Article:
Council approves renaming Robert E. Lee Boulevard for Allen Toussaint
The name of Confederate general and Virginia native Robert E. Lee will be removed from the prominent Gentilly and Lakeview boulevard and replaced with the name of influential musician and New Orleans native Allen Toussaint.
Following the recommendation from the New Orleans City Council Street Renaming Commission,, the City Council on Thursday (Jan. 6) voted to change the names of three streets, calling them public symbols that pay tribute to Confederate ideals and White supremacy. The name changes are part of citywide street renaming process initiated in 2020.
With its passage of Motion M-22-25, SNC 4/21 and Ordinance 33,564, the council authorized the renaming of the entire Robert E. Lee Boulevard, which stretches from Peoples Avenue to West End Boulevard, to Allen Toussaint Boulevard. The change will go into effect Feb. 1.
Currently named for the commanding officer of the Confederate States of America, the well-trafficked thoroughfare has held two other names. It was originally named Adams and then renamed Hibernia. It took the name Robert E. Lee in 1924, during the Lost Cause propaganda effort to recast the Confederacy as honorable in order to promote White supremacist values.
Its new namesake, Allen Toussaint, was a major force behind New Orleans R&B and influenced and supported hundreds of local musicians throughout his lifetime. The songwriter, record producer, arranger and musician was inducted into the Rock and Roll Hall of Fame in 1998 and was awarded the National Medal of Arts by President Barack Obama in 2013, two years before his death at 77.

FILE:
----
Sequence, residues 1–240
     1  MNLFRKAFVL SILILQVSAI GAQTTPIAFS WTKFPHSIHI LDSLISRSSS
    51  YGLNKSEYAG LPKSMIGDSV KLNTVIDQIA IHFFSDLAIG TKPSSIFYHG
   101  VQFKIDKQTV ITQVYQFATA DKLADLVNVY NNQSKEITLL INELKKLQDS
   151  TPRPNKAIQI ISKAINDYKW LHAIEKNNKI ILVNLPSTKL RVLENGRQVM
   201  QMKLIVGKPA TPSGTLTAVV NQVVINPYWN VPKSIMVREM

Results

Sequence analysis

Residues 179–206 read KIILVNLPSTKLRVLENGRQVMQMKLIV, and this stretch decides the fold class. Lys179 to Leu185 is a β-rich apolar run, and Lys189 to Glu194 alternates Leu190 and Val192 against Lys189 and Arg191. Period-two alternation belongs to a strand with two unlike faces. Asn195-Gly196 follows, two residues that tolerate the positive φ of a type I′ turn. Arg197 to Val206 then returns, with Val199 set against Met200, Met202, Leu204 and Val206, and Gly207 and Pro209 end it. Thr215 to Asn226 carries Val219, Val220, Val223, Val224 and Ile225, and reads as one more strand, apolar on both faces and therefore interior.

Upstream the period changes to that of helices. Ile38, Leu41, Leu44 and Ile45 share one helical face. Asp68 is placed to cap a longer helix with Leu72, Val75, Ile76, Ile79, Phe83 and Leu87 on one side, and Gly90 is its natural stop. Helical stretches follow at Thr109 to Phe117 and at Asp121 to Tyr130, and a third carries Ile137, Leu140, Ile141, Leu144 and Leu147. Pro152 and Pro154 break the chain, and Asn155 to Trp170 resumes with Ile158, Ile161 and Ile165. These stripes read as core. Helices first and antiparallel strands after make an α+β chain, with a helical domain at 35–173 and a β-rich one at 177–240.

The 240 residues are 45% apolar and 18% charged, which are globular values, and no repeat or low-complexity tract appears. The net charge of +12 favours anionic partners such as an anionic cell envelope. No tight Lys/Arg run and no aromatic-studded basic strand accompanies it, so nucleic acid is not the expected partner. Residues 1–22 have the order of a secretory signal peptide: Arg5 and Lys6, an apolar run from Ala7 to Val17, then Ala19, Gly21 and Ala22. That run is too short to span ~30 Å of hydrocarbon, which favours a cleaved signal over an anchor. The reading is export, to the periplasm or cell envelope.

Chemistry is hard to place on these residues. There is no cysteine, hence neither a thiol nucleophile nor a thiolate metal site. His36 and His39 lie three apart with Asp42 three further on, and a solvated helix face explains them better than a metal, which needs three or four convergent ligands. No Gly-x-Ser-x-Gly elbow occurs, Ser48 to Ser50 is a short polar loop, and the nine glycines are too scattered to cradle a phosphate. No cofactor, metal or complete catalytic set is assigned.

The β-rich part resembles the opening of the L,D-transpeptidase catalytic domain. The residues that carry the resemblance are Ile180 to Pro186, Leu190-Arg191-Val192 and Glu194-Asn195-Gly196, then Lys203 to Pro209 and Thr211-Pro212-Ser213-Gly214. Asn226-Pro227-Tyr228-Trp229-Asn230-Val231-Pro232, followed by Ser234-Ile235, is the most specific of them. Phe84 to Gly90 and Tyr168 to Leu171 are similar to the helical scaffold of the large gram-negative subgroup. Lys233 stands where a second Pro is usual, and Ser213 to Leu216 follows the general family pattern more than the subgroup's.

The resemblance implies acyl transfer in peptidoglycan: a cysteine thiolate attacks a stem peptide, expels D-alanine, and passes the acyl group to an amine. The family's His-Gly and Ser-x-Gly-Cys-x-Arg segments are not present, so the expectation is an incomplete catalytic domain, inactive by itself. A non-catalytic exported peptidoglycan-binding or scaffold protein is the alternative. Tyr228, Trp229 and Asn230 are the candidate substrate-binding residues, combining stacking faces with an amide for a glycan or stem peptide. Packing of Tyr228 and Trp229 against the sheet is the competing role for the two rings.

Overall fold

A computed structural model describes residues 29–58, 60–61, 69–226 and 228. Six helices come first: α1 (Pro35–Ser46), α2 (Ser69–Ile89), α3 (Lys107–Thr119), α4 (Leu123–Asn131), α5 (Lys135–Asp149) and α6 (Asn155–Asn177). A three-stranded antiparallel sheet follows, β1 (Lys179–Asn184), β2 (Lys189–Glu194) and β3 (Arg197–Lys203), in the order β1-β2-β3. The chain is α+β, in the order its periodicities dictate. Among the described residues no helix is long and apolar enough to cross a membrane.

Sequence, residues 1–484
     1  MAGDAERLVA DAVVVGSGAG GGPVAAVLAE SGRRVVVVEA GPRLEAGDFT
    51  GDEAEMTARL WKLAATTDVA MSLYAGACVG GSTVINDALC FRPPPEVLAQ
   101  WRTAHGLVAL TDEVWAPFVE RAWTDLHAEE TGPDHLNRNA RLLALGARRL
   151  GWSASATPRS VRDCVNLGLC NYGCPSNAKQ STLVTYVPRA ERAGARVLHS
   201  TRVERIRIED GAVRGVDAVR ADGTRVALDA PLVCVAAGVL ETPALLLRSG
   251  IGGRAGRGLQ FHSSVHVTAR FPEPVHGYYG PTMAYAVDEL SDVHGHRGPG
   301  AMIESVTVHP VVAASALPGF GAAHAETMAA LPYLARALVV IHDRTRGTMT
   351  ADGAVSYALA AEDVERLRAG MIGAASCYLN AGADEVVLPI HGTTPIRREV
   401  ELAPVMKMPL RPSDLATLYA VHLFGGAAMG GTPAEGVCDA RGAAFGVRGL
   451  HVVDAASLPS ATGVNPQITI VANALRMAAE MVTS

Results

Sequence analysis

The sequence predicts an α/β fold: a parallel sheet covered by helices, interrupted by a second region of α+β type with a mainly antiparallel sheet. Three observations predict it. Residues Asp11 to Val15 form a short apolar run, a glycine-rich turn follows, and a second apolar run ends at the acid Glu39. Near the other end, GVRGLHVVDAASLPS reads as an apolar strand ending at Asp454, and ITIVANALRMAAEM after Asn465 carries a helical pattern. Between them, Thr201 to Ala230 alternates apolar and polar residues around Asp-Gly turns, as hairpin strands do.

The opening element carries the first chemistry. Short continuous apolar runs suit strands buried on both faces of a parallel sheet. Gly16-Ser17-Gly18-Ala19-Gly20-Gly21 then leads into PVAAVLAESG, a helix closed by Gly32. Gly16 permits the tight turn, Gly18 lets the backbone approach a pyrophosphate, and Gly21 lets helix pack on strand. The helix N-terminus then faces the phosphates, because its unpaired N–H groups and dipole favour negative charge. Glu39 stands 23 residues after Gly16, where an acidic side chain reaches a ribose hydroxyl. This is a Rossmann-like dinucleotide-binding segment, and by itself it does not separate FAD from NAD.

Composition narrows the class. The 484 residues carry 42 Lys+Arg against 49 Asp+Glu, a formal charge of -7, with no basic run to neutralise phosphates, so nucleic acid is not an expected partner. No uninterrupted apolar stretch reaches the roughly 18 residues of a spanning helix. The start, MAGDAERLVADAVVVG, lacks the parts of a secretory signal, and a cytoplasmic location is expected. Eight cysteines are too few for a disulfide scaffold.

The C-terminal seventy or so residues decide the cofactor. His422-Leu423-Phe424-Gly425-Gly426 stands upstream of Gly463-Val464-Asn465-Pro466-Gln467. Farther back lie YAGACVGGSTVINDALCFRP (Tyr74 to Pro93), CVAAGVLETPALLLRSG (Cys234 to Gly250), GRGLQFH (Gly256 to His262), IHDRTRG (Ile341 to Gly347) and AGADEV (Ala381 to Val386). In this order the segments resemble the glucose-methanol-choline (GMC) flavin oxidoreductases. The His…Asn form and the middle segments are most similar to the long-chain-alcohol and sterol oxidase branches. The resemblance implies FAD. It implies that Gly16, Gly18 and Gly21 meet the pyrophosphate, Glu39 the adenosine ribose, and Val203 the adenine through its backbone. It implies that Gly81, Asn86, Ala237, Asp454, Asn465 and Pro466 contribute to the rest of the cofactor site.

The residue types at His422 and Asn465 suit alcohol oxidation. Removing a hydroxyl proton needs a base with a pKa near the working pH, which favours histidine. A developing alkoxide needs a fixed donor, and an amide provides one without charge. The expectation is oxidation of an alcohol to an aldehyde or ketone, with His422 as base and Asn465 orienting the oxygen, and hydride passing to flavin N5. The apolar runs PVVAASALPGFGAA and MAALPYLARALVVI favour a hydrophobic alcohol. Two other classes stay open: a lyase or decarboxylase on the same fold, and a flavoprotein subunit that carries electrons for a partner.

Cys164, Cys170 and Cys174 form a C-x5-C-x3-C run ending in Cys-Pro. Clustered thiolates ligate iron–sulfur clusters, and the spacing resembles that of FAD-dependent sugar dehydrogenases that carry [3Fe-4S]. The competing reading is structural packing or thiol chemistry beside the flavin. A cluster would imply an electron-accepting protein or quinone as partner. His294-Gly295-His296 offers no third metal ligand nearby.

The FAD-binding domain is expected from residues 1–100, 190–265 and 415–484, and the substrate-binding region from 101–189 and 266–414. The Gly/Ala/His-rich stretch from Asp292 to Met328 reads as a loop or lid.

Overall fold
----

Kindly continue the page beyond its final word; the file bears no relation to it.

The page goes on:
Gentilly was familiar territory for Toussaint. He once lived on the street that will soon bear his name, and he chose Gentilly as the location for Sea-Saint Studios, a recording studio he co-owned from 1973 to 2005, when it was lost to the Katrina floodwaters. Sea-Saint drew not only top local acts, including Dr. John and the Meters, but stars such as Paul McCartney, Patti LaBelle, Paul Simon and Elvis Castello.
District D Councilman Jared C. Brossett authored the ordinance to rename the four-and-a-half mile boulevard for Toussaint. It passed during the two-term councilman’s last City Council meeting. His newly elected replacement, Eugene Green, will be sworn in on Monday (Jan. 10).
“We must relegate white supremacists to the history books and honor the accomplishments of the city’s Black residents,” Brossett said. “Allen Toussaint is a highly decorated artist and deserves to be honored in this way. I look forward to the support of my colleagues in this initiative as we work to make this critical change.”
The council did not follow the City Planning Commission’s recommendation to leave off the musician’s first name and call the roadway Toussaint Boulevard. The planners said it would be preferable for emergency response reasons, fearing it would get confused with Allen Street in the 7th Ward.
Also on Thursday, the council approved another street with “Allen” in its name; Slidell Street in Algiers was renamed Red Allen Way, for an early jazz trumpeter whose pioneering music career, like Toussaint’s, spanned six decades.